The technical data is derived mainly from this research, whereas the economic data has been gathered during discussions with both SSCC suppliers and users. The economic viability of the investment was analysed to determine Net Present Value (NPV, €) and Internal Rate of Return (IRR, %).

To assess the benef its, an evaporation reduction factor of 84% was chosen according to the experimen- tal results reported in this paper. The value of the conserved water was determined under two scenarios:

(1) regular water supply, valuing conserved water at its purchasing price, and (2) insufficient water supply, making it impossible to cultivate the total farm area.

In the first case, the price of water in the SRB depends on its origin. Representative values are €0.15 m–3 for surface water, €0.30 m–3for ground water and

€0.50 m–3for desalinized sea water. In the second case, conserved water would increase the crop area and therefore it can be valued in terms of the net margin associated to each m3of water consumed on the farm.

Due to the positive effects of the SSCCs on water quality, a reduction in filtration close to 90% was se- lected in this study, based on several personal commu- nications from landowners. Two percentage values of the water for irrigation depending on the stored water quality were established for filter cleaning in the study.

In the f irst case —0% of the water for irrigation—

there is no need for filter cleaning and all water is de- voted to irrigation. In the second case, 3% of the irri- gation water is devoted to filter cleaning.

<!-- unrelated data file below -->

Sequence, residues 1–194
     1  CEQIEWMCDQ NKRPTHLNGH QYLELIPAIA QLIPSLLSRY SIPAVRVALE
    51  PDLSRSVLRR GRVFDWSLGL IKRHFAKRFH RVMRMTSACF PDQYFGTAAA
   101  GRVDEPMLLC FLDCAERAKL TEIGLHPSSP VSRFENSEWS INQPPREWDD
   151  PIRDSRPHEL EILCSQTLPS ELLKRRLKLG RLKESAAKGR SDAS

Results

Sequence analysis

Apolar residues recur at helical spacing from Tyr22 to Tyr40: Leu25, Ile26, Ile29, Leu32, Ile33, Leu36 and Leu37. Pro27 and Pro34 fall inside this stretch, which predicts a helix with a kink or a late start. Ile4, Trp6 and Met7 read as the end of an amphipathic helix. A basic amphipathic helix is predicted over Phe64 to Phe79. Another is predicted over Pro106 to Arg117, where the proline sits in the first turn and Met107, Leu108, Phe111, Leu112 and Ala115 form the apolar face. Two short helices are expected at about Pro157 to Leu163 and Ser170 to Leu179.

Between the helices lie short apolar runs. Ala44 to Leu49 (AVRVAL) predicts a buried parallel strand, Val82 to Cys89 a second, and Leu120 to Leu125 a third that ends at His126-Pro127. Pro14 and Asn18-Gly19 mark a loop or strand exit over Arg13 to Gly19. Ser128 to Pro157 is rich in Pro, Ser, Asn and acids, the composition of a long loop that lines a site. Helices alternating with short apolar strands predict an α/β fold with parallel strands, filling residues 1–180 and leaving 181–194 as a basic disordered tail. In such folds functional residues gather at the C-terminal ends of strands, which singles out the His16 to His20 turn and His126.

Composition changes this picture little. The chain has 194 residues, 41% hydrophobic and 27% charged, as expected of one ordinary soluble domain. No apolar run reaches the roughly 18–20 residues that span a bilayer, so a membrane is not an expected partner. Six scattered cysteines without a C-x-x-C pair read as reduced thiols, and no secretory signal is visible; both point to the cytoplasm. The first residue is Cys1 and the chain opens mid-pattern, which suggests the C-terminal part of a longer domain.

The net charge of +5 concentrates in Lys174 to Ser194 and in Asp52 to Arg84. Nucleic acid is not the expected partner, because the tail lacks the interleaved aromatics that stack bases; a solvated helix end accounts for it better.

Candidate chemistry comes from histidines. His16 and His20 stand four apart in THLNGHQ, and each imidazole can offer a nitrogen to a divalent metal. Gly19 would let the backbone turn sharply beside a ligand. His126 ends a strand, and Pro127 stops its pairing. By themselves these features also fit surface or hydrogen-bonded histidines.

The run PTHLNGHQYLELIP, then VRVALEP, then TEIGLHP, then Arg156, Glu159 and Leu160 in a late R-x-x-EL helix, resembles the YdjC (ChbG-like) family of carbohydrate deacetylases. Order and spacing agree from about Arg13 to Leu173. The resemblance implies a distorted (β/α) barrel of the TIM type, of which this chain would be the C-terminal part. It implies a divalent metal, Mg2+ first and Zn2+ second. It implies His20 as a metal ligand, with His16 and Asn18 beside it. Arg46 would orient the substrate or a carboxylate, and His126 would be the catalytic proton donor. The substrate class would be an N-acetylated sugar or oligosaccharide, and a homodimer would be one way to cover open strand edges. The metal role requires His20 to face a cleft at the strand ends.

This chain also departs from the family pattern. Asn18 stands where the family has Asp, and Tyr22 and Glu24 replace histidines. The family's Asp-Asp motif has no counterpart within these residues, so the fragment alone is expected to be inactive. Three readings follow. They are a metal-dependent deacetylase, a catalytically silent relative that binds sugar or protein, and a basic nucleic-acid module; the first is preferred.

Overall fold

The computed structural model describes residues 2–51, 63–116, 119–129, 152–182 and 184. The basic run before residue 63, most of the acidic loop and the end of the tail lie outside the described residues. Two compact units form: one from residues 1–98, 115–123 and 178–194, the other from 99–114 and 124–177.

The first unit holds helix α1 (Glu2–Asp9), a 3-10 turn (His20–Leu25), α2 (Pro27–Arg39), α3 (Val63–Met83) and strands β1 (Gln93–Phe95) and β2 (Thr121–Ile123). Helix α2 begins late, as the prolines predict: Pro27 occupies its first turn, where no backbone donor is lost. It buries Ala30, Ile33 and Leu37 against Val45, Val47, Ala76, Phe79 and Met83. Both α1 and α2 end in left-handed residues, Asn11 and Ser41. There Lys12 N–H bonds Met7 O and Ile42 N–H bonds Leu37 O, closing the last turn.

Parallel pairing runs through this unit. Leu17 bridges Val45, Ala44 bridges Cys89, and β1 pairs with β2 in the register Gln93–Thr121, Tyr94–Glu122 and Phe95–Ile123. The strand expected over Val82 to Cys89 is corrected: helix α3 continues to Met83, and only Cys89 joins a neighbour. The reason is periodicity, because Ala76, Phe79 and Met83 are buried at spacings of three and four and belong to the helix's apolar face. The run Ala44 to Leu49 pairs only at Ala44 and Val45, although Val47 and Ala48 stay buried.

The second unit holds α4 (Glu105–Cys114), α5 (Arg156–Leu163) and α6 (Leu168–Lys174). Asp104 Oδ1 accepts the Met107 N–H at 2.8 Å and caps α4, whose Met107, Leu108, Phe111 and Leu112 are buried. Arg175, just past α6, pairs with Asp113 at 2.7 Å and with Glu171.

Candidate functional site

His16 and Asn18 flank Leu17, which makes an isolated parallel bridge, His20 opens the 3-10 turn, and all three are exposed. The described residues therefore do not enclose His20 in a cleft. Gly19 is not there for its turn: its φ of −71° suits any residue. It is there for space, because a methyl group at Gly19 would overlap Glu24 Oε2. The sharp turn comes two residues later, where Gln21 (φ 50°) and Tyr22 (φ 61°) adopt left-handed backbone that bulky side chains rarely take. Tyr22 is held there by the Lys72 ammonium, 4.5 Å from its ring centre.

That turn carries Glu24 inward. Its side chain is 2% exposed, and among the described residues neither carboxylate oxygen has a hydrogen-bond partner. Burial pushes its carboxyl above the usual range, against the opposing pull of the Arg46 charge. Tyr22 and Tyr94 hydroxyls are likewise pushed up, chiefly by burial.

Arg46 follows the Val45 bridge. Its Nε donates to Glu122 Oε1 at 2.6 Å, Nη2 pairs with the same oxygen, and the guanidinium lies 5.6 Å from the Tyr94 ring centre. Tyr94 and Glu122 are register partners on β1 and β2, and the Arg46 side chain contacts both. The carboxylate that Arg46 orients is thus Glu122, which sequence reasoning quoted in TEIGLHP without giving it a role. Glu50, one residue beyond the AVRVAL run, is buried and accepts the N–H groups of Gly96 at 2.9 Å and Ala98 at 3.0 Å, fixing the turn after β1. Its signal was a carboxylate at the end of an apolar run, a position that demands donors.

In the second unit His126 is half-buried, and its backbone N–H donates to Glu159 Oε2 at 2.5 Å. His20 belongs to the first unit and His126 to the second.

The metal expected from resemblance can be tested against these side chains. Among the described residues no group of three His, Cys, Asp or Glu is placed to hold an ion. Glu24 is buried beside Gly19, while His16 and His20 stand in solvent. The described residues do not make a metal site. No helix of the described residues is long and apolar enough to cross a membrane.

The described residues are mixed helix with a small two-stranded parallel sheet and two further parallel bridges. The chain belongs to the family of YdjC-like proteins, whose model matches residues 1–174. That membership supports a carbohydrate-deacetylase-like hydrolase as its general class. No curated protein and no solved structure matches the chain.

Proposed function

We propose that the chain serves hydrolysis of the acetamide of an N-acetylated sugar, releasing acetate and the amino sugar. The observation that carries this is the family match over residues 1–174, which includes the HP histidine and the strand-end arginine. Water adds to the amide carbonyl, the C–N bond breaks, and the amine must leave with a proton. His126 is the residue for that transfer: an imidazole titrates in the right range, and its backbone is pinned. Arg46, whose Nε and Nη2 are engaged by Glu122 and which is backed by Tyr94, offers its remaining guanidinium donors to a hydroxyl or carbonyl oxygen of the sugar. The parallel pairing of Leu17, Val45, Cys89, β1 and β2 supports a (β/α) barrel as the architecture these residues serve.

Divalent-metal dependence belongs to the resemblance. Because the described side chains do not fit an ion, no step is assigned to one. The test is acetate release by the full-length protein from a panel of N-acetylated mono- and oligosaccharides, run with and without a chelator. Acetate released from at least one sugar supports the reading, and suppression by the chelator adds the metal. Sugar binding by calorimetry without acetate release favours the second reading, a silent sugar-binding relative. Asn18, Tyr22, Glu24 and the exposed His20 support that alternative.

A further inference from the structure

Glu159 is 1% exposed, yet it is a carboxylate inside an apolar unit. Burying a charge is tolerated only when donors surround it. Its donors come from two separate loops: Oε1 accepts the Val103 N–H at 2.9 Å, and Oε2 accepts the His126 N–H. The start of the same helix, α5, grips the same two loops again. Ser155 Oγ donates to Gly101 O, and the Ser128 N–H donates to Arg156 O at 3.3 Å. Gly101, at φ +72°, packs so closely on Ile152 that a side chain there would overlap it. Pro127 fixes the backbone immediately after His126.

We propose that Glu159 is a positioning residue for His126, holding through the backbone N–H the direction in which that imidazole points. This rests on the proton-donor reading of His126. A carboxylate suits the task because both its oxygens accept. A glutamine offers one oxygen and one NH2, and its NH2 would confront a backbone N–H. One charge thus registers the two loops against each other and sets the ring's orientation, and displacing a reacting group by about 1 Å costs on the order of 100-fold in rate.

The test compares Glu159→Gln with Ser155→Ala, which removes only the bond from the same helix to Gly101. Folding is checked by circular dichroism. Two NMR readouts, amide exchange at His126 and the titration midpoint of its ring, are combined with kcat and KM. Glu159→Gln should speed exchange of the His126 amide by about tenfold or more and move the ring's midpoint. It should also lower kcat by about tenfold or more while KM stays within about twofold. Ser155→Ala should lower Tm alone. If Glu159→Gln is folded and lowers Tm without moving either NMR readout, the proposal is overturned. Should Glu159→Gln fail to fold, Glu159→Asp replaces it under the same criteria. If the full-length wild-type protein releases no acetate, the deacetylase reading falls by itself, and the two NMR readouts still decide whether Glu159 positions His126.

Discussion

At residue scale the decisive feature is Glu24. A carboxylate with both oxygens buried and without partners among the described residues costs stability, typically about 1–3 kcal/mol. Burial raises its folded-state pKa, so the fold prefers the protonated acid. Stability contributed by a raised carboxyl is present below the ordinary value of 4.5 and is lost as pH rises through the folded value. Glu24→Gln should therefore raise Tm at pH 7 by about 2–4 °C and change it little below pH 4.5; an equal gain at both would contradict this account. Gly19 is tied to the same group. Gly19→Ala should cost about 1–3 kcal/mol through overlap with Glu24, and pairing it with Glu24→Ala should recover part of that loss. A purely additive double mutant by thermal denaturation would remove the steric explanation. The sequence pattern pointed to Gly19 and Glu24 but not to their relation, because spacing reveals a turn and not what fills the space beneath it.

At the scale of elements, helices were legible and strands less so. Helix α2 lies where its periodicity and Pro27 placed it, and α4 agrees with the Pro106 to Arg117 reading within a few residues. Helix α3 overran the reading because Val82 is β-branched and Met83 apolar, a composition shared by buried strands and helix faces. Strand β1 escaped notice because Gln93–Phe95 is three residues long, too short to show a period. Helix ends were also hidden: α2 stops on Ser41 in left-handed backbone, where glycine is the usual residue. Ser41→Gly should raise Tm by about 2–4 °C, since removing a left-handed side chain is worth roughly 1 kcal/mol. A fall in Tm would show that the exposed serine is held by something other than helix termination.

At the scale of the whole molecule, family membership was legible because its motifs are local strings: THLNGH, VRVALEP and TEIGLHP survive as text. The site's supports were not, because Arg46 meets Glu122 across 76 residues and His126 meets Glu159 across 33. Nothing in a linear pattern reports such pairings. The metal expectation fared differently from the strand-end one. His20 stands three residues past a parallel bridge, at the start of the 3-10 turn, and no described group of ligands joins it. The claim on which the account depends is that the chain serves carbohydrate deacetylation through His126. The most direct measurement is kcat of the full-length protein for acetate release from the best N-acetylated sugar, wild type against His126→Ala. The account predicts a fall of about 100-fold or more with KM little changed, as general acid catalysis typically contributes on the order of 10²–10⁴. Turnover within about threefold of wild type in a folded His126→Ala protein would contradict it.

Finally, the SSCC cost refers to the capital cost (€) of the entire cover (shade-cloth plus structure) at ins- tallation time. This cost significantly varies depending on installation specifics, such as site location, access, wind, storage geometry, and surface area. In spite of such cost variability, product suppliers indicate a repre- hc= λγhv

Hs= hc




Qw= Cw z∆Tw

∆t E= hv


es− ea


Rn= (1−α) Rs + La− Lw

Rn− λE + Qw+ H = 0


sentative cost of €7.80 m–2(€5.30 m–2corresponding to the structure and €2.50 m–2to the shade-cloth). Ope- ration and maintenance costs were very low and there- fore neglected. These costs are in fact counterbalanced by small additional benefits such as the increase of the waterproof membrane lifespan and/or lowering remedial action with respect to algae (such as algaecide dosing).

Studied scenarios and general assumptions